Public colleges and universities are just beginning to recover from the 2001 recession, and that progress is likely to be undone in the coming fiscal year, according to a new report.
The report, issued by the State Higher Education Executive Officers (SHEEO), indicates that per-student state appropriations were on the rise from 2006 to 2008, following four consecutive years of decline. Even with these gains, however, state-supported colleges are receiving less in constant dollars per student than they were in 2001 -- a peak year in data that stretch back to 1983.
The data do not show what happened to state support for the first half of the 2009 fiscal year, which began in July at most colleges. A survey of officials at SHEEO institutions, however, indicates that during that volatile period 65 percent of colleges took midyear budget cuts, and 44 percent are in states with governors who’ve proposed cuts or flat funding in the 2010 fiscal year.
If the impact of the 2001 recession is mirrored in the current economic downturn, higher education officials can expect lower state funding and increasing enrollments. At the same time, students and their families will probably see increased tuition rates that still fall short of addressing funding gaps, the report notes.
Paul Lingenfelter, president of SHEEO, said history shows that “it’s pretty clear how bad things might get -- even though we don’t have hard data yet.” History could be reversed, however, if higher education were made a priority in the federal stimulus bill currently being debated in Congress, Lingenfelter said.
“What it would do is it would enable the recovery that we’re on right now not to get derailed,” he said.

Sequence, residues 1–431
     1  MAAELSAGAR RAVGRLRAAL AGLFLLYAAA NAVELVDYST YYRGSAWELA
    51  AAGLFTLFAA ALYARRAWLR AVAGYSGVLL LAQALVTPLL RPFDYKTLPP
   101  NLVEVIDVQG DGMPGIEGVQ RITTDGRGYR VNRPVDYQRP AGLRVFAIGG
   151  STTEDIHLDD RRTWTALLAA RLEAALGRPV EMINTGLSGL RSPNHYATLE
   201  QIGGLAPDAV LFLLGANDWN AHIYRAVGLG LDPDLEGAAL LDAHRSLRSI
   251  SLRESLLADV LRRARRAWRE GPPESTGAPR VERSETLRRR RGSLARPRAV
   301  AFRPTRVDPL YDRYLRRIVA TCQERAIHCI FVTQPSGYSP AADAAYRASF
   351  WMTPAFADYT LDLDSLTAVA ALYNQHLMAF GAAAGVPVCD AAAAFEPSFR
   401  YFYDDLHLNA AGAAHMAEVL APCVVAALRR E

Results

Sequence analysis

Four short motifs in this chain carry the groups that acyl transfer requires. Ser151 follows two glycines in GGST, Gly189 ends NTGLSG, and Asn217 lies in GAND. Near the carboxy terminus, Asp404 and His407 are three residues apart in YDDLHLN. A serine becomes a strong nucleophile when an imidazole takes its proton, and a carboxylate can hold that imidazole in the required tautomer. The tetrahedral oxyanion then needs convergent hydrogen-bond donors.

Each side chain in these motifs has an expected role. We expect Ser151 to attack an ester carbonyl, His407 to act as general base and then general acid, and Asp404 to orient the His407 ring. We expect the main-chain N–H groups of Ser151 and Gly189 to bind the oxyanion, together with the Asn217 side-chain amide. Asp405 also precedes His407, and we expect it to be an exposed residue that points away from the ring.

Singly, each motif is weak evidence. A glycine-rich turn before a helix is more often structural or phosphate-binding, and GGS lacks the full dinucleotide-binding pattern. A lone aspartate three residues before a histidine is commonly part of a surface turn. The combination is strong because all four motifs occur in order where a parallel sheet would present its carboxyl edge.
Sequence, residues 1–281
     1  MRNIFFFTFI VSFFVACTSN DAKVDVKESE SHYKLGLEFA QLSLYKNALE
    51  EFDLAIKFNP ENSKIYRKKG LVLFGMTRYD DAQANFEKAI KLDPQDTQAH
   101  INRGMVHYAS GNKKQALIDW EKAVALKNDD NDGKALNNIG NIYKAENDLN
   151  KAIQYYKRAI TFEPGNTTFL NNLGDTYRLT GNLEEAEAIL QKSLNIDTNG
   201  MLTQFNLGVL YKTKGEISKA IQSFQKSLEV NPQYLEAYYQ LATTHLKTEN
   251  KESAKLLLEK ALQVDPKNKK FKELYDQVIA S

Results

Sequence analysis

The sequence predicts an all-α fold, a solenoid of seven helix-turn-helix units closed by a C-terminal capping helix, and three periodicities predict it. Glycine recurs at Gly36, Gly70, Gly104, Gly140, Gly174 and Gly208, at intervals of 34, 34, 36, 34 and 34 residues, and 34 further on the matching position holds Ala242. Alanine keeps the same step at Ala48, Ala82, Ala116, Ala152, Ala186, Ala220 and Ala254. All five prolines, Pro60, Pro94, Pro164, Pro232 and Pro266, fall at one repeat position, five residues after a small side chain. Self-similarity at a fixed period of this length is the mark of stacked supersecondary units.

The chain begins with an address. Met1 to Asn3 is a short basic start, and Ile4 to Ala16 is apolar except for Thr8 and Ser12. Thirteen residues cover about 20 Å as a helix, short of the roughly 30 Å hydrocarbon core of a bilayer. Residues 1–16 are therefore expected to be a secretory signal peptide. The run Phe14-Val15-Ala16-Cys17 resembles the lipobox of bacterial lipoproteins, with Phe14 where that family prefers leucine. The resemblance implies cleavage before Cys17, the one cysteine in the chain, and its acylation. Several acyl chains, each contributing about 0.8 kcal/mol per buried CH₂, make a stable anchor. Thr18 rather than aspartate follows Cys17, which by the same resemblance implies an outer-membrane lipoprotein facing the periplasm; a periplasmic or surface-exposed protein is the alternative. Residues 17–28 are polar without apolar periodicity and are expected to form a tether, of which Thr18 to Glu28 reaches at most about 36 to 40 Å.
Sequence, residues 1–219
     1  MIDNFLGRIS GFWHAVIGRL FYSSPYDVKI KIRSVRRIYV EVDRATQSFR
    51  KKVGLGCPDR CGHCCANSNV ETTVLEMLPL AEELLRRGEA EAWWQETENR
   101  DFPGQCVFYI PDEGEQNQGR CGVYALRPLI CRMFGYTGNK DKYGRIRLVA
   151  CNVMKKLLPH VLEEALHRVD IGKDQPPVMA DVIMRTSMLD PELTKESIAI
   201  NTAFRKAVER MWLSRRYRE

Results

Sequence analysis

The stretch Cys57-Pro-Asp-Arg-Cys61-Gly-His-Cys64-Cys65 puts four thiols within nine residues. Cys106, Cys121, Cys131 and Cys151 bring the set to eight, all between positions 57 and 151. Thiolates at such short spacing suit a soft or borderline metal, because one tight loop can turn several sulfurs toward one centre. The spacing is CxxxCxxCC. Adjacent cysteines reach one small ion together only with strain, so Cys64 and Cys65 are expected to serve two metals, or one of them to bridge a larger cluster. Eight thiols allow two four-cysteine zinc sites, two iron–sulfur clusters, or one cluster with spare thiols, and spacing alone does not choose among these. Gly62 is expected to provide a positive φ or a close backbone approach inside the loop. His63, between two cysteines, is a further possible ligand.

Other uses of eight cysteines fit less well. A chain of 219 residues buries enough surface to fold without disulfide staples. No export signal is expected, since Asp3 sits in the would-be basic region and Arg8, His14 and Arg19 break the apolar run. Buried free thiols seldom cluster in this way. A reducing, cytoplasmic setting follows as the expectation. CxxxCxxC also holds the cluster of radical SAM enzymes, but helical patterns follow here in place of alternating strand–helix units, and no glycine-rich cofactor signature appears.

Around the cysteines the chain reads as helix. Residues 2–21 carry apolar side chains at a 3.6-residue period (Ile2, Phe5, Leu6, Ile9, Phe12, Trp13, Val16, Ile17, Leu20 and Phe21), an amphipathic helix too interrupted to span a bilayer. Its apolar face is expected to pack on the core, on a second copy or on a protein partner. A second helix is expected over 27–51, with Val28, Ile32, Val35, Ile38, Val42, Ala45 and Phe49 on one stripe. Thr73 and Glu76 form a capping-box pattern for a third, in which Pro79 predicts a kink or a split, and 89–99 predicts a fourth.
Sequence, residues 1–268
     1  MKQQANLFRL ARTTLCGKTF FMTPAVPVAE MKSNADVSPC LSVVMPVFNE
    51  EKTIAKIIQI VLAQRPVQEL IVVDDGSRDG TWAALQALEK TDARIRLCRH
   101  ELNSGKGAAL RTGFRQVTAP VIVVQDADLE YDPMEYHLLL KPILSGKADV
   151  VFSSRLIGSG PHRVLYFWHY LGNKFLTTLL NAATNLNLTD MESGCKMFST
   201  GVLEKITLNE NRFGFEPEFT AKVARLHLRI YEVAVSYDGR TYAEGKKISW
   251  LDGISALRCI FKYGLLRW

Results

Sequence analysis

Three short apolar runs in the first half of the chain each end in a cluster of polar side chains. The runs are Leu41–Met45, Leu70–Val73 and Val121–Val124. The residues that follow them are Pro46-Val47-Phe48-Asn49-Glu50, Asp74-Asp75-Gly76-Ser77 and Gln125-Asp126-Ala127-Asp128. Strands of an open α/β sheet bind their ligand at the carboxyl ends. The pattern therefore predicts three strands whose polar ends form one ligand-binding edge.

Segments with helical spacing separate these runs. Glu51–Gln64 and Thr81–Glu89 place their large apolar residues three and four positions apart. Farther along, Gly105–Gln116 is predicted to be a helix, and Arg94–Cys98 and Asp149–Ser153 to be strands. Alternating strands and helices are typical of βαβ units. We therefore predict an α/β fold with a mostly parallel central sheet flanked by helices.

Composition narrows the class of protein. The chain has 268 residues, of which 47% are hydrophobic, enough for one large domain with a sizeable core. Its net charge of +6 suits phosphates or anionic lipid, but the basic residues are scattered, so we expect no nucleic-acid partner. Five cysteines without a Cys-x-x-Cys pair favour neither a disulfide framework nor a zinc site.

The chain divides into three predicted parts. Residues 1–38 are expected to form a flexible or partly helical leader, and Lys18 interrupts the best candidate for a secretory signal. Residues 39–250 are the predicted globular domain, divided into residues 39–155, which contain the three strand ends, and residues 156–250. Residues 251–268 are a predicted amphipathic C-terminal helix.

Recent changes to the Senate version of the bill, however, have excised billions of dollars that were to have gone to colleges, putting its legislation in conflict with a competing version in the House of Representatives, which would provide significantly more to states for aid to higher education. Lawmakers from both chambers, with the involvement of the Obama administration, have already begun what are likely to be contentious deliberations aimed at crafting a compromise.
Tuition Climbing Steadily
College enrollments, which increased by 25 percent between 1998 and 2008, show no signs of slowing down. Likewise, tuition is continuing to increase, as evidenced by a 20 percent uptick in net tuition revenues over the same period. Given these factors -- and a 7 percent decline in state support over 10 years -- it’s little surprise that students and their families are carrying an ever-greater share of the cost burden in college. Indeed, net tuition made up 36 percent of total education revenues in public higher education in 2008, up about 12 percentage points from 1983, the SHEEO report notes.
As the economic picture grows bleaker, several governors have suggested new or continued tuition freezes, bucking the historic trend of higher tuition in lean times. While history indicates tuition will go up over all, Lingenfelter said he’s not surprised some state leaders are trying to hold it down. (In some cases, though, as in Missouri, plans to hold tuition down depend on federal stimulus funds.)
“I think those kind of promises are understandable, because it’s very clear that the country has lost patience with the growth of [tuition in] higher education,” he said. “There is going to be a lot of pressure on keeping tuition down.”
Three Years of Recovery
per FTE student (constant $)
|1 Year % Change|
Largest Percentage Gains in Appropriations per FTE (2007-8)
Largest Percentage Losses in Appropriations per FTE (2007-8)